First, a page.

Intended for healthcare professionals

Editor's Choice

Rebalancing risks in favour of benefits

BMJ 2024; 384 doi: (Published 28 March 2024) Cite this as: BMJ 2024;384:q758
  1. Kamran Abbasi, editor in chief
  1. The BMJ
  1. kabbasi{at}
    Follow Kamran on Twitter @KamranAbbasi

Balancing risks is life, the universe, and everything. One classic challenge is applying population based data to individuals. A related row over use of statins—the most prescribed drug class in England—shifted in favour of even greater prescription of statins last year, when NICE issued updated guidelines that lowered cardiovascular risk thresholds. Yet the benefits of statins may not outweigh the harms in people at low risk, and population risk thresholds may oversimplify matters. Guidelines, argue Sam Finnikin and colleagues, should be the starting point for medical practice—not strict rules to abide by (doi:10.1136/bmj-2023-076774).1

Three research papers this week attempt to quantify or predict risk. A retrospective cohort study finds that people with an episode of delirium have three times the risk of developing dementia (doi:10.1136/bmj-2023-077634).2 Additional episodes add to that risk by 20%. A second paper validates a simple risk prediction score for patients on intravenous cisplatin developing acute kidney injury (doi:10.1136/bmj-2023-077169).3 Acute kidney injury is strongly associated with death. Our third paper examines the use of progestogens and risk of intracranial meningioma, based on data from a French national database (doi:10.1136/bmj-2023-078078).4 Of the various progestogens, the risk associated with injectable formulations, used widely for contraception, was of particular concern.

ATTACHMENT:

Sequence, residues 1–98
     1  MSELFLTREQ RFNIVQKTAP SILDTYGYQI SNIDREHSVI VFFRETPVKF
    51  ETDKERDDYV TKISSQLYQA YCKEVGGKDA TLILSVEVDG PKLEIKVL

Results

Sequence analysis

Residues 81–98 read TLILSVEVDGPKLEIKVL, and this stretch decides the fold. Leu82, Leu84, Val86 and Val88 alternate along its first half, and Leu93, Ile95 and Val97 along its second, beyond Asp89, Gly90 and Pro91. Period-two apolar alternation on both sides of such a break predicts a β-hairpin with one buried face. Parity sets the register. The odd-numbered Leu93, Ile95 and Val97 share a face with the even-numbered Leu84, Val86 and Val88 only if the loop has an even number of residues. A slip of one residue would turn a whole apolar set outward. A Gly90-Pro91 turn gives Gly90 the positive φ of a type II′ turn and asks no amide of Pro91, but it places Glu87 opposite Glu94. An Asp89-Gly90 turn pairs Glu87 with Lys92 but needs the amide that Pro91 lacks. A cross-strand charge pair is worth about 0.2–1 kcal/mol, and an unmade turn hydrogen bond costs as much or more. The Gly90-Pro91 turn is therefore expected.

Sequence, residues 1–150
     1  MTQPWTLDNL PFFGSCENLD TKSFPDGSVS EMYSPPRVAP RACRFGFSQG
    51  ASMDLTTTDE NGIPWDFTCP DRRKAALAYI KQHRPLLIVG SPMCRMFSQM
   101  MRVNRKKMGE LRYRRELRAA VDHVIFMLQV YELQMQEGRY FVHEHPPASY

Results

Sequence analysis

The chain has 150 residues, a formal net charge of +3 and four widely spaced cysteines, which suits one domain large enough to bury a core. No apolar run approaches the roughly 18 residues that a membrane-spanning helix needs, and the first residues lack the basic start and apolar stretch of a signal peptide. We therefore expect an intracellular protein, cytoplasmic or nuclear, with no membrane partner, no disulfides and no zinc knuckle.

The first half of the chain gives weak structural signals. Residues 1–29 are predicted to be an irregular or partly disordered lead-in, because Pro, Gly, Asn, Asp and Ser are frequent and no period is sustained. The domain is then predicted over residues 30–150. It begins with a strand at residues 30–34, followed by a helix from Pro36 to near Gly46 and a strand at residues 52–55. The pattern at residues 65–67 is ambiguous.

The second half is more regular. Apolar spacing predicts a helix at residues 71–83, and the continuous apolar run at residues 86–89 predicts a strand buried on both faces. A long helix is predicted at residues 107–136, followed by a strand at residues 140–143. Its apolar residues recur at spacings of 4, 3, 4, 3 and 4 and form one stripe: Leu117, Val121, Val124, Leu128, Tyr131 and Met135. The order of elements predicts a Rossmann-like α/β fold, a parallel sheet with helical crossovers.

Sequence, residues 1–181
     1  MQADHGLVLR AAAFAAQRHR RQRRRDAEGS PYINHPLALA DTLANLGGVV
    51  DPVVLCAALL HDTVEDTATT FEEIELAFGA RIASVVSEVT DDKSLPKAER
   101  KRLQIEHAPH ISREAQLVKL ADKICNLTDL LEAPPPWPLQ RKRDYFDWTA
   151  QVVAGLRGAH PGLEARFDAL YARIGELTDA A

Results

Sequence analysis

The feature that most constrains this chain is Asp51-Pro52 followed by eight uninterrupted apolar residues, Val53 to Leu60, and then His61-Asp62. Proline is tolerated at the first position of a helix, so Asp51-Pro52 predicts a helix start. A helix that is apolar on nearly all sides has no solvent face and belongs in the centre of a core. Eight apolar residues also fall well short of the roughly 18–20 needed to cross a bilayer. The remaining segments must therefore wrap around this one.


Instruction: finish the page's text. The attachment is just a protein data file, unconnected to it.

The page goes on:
Interpretation of these risks can be difficult. The research enterprise itself is fraught with risk, as demonstrated by large scale retractions at for-profit, open access publisher, Frontiers (doi:10.1136/bmj.q659).5 Threats to research integrity, through research fraud and misconduct, are the biggest challenges facing all publishers of science—they always were, but the scale of the threat is greater than ever and requires a strong response from editors and publishers.

But a conversation on risk becomes even more heated outside the research environment. What are the implications of poor health policies (doi:10.1136/bmj.q602)?6 If a government fails to implement patient safety recommendations (doi:10.1136/bmj.q740),7 or delays roll out of a vaccine programme to support tax cuts (doi:10.1136/bmj.q706),8 how should it be held accountable for the additional risk passed on to patients? What if it erodes prison healthcare to the point of perpetual crisis (doi:10.1136/bmj.q562)?9 Or keeps ignoring the unequivocal data on the health harms of widening inequalities and social determinants of health, leaving the solutions, such as Marmot Places, to local government (doi:10.1136/bmj.q654)?10

There is, unfortunately, no respite from risk concerns. The ongoing row over physician associates, which has damaged the Royal College of Physicians, is all about risks (doi:10.1136/bmj.q732, doi:10.1136/bmj.q737).1112 The risks associated with the GMC’s newly proposed changes to medical education are causing alarm (doi:10.1136/bmj.q728, doi:10.1136/bmj.q708).1314 The risks from industrial action (doi:10.1136/bmj.q717)15 are at the heart of a dispute between NHS England and the BMA. Some trusts claim that the BMA’s refusal to allow several derogation requests during strikes compromised patient safety. The BMA disagrees that any requests were inappropriately refused (doi:10.1136/bmj.q740).16 What’s clear is that, just as a good cricket umpire has a good relationship with the players (doi:10.1136/bmj.q399),17 to minimise risks in healthcare we need better working relationships between professions and professional organisations, regulators, and government.